Grimm Tales for Fragile Times and Broken People is an atmospheric and timely retelling of some of the Brother Grimm fairy tales, set in a forgotten woodland whose inhabitants are isolated in their homes (sounds familiar?).
Performed via Zoom, it makes it impossible for us not to feel part of the stories, as twisted as they might be. Perhaps that is what made it so fun, especially as it was possible to see some people who had left their cameras on, and I could watch their faces as the tales intensified and became darker and darker.
“The howls were horrible. I was so scared. I was so happy”.
Directed by Gari Jones and written by the artists of the Creation Theatre’s newly created online Repertory Company, this re-imagining of the eerie tales becomes haunting stories that are intensified by the cast’s strong performances. The tales include Kofi Dennis performing ‘The Moon’, Dharmesh Patel ‘Godfather Death’, Natasha Rickman ‘Rumpelstiltskin’, Annabelle Terry dramatizing the ever so disturbing ‘Hansel And Gretel’, and finally Graeme Rose with ‘The Juniper Tree’. The narratives interweave and tangle around each other creating a braid of creepy and atmospheric tales.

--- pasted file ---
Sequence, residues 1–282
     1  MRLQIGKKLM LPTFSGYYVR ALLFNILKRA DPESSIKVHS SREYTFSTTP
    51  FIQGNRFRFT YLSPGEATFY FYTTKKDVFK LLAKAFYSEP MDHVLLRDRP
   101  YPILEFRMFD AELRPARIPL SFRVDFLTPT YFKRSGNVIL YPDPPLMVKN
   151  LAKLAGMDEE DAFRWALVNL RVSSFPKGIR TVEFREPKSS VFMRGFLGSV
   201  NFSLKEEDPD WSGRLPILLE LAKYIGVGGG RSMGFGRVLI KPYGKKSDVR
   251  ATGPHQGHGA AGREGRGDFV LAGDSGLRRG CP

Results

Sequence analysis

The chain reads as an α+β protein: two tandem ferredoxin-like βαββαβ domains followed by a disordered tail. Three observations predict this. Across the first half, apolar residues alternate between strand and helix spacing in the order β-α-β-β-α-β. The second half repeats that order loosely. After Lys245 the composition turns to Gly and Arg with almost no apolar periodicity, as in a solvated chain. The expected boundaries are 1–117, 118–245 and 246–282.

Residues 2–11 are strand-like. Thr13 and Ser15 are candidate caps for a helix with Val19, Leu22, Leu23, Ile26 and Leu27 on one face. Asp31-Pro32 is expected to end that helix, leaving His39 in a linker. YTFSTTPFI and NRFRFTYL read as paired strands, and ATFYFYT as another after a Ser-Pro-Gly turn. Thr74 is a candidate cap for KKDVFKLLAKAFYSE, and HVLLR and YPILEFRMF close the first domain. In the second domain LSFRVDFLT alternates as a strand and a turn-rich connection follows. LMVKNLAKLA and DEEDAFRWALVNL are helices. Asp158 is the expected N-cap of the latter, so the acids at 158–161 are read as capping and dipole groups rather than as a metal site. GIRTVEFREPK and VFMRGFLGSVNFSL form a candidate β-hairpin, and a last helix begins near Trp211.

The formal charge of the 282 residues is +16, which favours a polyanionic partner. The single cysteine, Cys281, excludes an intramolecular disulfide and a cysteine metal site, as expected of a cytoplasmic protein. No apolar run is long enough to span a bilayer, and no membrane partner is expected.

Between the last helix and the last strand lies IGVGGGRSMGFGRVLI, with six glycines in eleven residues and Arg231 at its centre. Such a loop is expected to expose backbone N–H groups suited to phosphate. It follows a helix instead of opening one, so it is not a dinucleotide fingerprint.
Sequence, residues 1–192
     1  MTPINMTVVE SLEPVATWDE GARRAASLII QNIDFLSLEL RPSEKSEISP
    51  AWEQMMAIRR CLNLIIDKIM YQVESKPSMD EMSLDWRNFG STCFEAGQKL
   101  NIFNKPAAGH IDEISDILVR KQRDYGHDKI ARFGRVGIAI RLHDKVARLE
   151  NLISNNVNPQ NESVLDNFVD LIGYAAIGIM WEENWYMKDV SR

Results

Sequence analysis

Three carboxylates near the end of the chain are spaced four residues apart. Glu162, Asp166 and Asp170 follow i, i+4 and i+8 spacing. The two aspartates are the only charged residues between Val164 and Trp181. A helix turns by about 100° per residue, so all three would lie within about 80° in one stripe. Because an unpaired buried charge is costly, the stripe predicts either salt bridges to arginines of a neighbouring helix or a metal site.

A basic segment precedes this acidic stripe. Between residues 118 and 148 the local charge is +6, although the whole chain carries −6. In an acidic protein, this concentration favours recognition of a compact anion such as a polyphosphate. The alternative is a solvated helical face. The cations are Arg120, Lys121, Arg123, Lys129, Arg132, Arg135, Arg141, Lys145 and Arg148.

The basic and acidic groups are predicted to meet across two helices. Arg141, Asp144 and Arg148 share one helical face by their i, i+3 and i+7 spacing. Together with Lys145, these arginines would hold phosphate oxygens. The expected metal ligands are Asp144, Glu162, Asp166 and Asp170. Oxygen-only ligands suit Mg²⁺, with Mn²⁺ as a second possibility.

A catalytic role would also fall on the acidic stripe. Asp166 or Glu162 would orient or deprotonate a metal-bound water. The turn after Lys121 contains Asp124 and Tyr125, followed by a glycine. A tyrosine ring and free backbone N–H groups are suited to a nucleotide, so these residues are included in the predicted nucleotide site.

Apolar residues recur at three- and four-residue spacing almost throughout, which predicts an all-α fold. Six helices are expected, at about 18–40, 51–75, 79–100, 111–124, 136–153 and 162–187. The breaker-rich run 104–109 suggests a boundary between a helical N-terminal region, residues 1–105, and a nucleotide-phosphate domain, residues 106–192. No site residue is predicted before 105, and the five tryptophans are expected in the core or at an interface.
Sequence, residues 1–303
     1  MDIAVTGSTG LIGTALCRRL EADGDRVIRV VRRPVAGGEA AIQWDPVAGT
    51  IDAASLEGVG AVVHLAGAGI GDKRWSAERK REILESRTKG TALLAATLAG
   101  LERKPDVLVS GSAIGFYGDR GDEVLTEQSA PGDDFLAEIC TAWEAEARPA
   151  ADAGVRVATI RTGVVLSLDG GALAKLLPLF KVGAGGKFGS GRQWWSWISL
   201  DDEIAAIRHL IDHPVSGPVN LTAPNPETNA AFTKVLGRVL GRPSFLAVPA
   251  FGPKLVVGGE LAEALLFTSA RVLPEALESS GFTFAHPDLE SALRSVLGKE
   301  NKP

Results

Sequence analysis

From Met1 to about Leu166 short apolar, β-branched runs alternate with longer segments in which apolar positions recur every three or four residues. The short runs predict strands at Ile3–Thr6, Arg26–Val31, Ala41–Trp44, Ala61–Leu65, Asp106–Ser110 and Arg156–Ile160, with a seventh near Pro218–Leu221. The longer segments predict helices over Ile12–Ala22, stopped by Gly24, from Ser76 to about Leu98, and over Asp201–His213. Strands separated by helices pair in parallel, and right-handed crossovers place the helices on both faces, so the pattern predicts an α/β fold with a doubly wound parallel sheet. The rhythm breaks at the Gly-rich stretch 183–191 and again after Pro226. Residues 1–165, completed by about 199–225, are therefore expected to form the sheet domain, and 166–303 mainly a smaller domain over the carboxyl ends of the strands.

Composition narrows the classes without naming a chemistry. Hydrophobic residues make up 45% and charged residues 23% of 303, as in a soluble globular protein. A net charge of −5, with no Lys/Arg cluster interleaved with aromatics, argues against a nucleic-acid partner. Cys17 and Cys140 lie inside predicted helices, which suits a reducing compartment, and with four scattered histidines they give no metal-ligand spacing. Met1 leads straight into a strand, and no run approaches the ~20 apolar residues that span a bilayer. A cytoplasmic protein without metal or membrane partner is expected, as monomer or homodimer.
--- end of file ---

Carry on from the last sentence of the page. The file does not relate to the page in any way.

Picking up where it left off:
Of course, due to limitations of the lockdown, each actor performs from their own house, or own space. Even though they are not physically in the same place, the costumes and set designs work perfectly to not only enhance the creepiness of the tales, but also to tie the stories together. Created by Ryan Dawson Laight, the set and costume designs stand out as their own character. Such is the power they bring to the play.
Together, the set design and the performances made the play what it is. One interesting thing in this play was the use of the camera, as the angles used really enhanced the creepy atmosphere and the actors’ performances. This is especially true for Annabelle Terry, as she performed the classic story of the two siblings who get lost in the woods, being herself stuck in a wooden box with the camera peeking from outside it and above her. This gave an even more distorted perspective of the tale.
Unfortunately, there were some sound issues during the play that hindered the power of the performances, but those were soon recovered as the play continued. Grimm Tales for Fragile Times and Broken People is clearly a labour of love, and it shows. I highly recommend getting some friends around (virtually), lighting up a candle, and enjoying the retelling of these classic tales.
You can still catch Grimm Tales for Fragile Times and Broken People until 13 March – book your tickets here.
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